Telecommuting: Cerebral Palsy
Career Builder for Middle School

By Jim Hasse, ABC, GCDF, Disability Employment Expert

Telecommuting, work-at-home options, evening and weekend work and a combination of work and personal time are not isolated work patterns. Instead, these developments are part of a sweeping transformation of how we work in the 21st Century.

New communication tools, such as "telepresence" robots, iPhones, iPads, cloud computing, and Skype, are creating an anywhere/anytime workplace.

That long-term trend has major implications for your middle school student who happens to have cerebral palsy (CP). It means he or she will enter a job market 10 years from now that will have probably gone through transformations which make the term, “telecommuting,” seem at least quaint and somewhat meaningless.

This is the major shift we’re experiencing right now: Work is being taken to the worker instead of the worker being taken to the work. Increasingly, work can be performed in a formal office, at home, in a car, or on the bus. The meaning in the term “telecommute” we had at the beginning of this century is evaporating.

“Telecommuting” was created in the either/or dichotomy of the 20th century when we still had strict distinctions between commuters and telecommuters, home and factory, family and community, and the personal and the professional.

It originally meant working at home by the use of an electronic linkup with a central office.

But, now we have not simply transferred what we did at our desk in the main office to our home. Instead, we’ve created businesses without boundaries that are highly focused on the individual performance of employees who are working everywhere all the time. Time away from work is now unusual.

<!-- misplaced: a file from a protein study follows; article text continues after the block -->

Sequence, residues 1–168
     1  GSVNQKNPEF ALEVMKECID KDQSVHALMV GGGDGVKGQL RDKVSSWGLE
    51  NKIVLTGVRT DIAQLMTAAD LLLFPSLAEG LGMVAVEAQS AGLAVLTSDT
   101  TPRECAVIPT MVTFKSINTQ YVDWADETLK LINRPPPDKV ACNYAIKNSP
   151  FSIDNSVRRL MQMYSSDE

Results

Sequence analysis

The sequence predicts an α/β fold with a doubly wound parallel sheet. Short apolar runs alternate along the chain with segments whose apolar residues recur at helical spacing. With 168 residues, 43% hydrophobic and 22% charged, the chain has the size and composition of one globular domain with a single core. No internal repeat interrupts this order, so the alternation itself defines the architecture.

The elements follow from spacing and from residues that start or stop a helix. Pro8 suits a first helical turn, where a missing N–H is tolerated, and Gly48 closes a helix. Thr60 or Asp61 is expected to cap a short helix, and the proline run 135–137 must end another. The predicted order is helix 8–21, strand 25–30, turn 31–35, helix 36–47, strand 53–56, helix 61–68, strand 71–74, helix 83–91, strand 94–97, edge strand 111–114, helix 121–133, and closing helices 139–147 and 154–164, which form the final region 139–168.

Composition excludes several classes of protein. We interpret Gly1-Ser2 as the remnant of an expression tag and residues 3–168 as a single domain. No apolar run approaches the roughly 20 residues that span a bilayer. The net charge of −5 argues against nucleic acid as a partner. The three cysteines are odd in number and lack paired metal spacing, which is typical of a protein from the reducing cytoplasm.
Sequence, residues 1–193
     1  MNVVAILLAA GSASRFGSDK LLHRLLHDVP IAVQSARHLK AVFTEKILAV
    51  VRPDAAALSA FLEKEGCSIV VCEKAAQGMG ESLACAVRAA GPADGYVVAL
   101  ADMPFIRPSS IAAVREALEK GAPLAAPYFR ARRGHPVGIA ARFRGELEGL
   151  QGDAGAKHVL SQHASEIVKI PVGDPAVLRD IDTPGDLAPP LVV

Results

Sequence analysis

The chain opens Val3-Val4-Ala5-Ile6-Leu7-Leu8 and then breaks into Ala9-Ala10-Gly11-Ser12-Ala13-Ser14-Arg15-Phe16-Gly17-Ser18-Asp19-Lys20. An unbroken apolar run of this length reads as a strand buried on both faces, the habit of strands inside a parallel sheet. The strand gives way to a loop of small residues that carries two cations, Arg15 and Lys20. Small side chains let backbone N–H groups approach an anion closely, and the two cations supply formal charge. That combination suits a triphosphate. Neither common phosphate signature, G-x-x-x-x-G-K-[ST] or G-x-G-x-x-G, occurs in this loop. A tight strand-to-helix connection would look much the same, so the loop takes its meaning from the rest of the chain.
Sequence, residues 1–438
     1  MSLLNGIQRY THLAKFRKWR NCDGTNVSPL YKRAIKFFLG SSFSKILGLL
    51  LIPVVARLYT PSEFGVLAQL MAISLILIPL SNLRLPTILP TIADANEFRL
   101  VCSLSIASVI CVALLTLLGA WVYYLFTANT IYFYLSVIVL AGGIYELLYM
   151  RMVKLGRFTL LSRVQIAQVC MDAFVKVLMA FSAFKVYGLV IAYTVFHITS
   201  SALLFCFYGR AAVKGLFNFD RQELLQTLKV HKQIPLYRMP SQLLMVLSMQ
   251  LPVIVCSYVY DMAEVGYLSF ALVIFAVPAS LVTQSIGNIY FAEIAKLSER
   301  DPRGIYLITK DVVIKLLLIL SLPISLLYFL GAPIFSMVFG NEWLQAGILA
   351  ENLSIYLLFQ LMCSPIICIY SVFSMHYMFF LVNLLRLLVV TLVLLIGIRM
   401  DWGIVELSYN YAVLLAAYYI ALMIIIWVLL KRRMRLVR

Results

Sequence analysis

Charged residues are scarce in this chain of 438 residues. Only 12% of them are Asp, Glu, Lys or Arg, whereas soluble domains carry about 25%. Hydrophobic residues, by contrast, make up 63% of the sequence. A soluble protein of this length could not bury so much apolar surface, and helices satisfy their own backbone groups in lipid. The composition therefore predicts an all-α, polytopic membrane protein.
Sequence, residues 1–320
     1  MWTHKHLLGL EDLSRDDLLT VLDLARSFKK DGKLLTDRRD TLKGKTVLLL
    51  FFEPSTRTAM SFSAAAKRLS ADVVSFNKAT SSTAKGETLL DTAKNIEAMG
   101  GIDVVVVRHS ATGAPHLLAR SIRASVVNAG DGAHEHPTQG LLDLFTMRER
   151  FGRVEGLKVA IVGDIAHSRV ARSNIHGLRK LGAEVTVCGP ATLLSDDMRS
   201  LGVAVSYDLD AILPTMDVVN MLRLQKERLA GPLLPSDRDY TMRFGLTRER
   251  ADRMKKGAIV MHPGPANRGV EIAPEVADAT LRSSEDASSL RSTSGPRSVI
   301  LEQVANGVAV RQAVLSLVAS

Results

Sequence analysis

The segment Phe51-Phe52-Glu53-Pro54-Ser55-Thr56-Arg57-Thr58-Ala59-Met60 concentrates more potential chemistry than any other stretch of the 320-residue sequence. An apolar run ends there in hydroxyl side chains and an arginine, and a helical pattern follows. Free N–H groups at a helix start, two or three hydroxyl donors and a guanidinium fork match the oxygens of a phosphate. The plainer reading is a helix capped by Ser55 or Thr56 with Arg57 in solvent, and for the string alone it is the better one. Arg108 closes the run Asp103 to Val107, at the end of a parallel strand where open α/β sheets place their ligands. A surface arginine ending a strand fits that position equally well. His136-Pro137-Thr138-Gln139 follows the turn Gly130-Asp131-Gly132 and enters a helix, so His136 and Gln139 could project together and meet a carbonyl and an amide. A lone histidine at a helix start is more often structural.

Woman talking on her cell phone, which she cradles in her neck.21st Century advantage for those with disabilities: Work is no longer bound by space or time.

Telecommuting issues

This new “post-telecommuting” work environment raises some key issues which may or may not settled by the time your youngster is ready to enter the job market. Here are a few he or she may face:

  • Balance. How do you balance work and family life when your employer can call or e-mail you anytime and you are expected to answer in pronto fashion even though you may be having dinner with your family?

  • Accommodations. Who pays for the accommodations you may need to do the work because you have CP? Are you expected to provide your own accommodations just because you are working outside a company office or workspace?

  • Control. Will your boss feel like he or she is losing flexibility for making changes in direction on a project? How will he know how much time you are spending on different tasks? How will she be able to have access to you and the documents you have? How will confidentiality be handled? How will drug testing be administered?

  • Insurance. Who is liable when someone working at home is injured?

  • Evaluation. How can work performance be fairly evaluated under work settings that are not standardized and, instead, are as varied as the personal lifestyle of each member of the work team?

In fact, that is what employers are most worried about: how to effectively manage a “virtual” workforce. It all boils down to trust -- that neither the employee nor the employer will take advantage of “off-premises” work arrangements.